And then the last few were people with questions, some of them probably complaints, who just needed or wanted to talk to the leadership while they were all in one place. “Okay,” James said, pointing a finger at the older member of the meeting, “let’s start with you, Scowls. What’s up?”

 

The man, a one Herman Collins, harumphed in a way that made James think of a dog that just sniffed a grapefruit. “I have *spoken* to your secretary several times now, and I wish to complain that my rights are being trampled!” Theo rolled her eyes to the side, as if to say ‘get a load of this guy’. Baring her teeth, James gave her a placating wave before she could say anything rash, and motioned for the man to go on. “I have *requested* that I be allowed to hold sermons for my fellow believers, and been constantly denied! If we are imprisoned here, then..!” He punctuated his words by holding up a copy of the Bible and flicking it toward James.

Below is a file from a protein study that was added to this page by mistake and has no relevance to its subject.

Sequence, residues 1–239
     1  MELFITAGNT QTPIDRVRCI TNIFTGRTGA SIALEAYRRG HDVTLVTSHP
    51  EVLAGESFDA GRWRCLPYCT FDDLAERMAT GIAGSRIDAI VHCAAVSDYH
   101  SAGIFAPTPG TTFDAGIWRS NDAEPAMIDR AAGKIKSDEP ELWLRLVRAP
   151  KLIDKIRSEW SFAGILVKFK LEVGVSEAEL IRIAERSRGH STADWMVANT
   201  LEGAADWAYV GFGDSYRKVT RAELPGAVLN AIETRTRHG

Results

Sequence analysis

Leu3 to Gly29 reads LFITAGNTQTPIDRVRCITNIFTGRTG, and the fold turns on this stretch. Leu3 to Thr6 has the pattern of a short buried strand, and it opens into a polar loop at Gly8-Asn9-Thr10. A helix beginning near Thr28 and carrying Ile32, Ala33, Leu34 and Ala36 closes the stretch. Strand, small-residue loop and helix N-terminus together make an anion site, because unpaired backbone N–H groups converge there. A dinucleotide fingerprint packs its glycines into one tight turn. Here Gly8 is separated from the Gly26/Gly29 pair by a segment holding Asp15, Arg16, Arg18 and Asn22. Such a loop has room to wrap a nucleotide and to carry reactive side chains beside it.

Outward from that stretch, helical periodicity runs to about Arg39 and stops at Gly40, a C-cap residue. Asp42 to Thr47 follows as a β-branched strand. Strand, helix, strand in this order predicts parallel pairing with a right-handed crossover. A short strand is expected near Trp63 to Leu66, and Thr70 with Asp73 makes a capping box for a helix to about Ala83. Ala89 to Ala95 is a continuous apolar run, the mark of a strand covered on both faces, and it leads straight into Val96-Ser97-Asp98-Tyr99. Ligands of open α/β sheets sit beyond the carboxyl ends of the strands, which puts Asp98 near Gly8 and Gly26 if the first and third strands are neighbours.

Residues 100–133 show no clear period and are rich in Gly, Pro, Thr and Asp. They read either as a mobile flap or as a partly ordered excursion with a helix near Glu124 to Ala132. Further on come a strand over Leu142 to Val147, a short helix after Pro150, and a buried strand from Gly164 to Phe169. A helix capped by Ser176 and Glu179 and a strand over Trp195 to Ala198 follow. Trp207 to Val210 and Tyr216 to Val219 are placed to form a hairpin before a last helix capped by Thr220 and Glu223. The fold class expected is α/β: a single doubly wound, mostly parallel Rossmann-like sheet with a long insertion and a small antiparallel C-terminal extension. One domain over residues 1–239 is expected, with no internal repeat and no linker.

Now James actually did cut him off. “I’m gonna stop you right there. First off, don’t call her my secretary, that’s rude.” The man’s face turned a shade of pale red as he frowned at James. “Second of all, I remember talking to… someone… about this before I fell asleep. We aren’t doing religious ceremonies in here because the *building is sentient, you goon*!”

He half yelled at the guy. “It’s not about your religious freedom, no one’s trying to steal your soul, man. Fuck, Theo’s… Catholic?”

 

“Protestant, you heretic.”

 

“Thanks. You can pray or whatever, but actual ritualistic stuff could be copied.” James explained, trying to sound patient. “Didn’t someone tell you that? Like, do you want to see what a sermon looks like when it’s performed by a desk fan and brainwashes you into worshiping the coffee maker?” He paused, then turned to Alanna. “Have we ever been attacked by a desk fan?”

 

She ruffled his hair, lightly pushing him away with a grin. “Don’t get distracted.”